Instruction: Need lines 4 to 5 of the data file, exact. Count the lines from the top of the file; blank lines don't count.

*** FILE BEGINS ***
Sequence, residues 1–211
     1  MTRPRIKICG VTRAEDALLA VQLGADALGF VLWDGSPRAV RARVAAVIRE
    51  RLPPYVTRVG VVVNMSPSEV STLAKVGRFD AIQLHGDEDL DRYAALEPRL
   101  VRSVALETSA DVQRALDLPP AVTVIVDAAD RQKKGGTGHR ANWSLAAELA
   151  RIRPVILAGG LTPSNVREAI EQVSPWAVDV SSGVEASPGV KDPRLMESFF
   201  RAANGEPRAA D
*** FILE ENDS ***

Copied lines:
   101  VRSVALETSA DVQRALDLPP AVTVIVDAAD RQKKGGTGHR ANWSLAAELA
   151  RIRPVILAGG LTPSNVREAI EQVSPWAVDV SSGVEASPGV KDPRLMESFF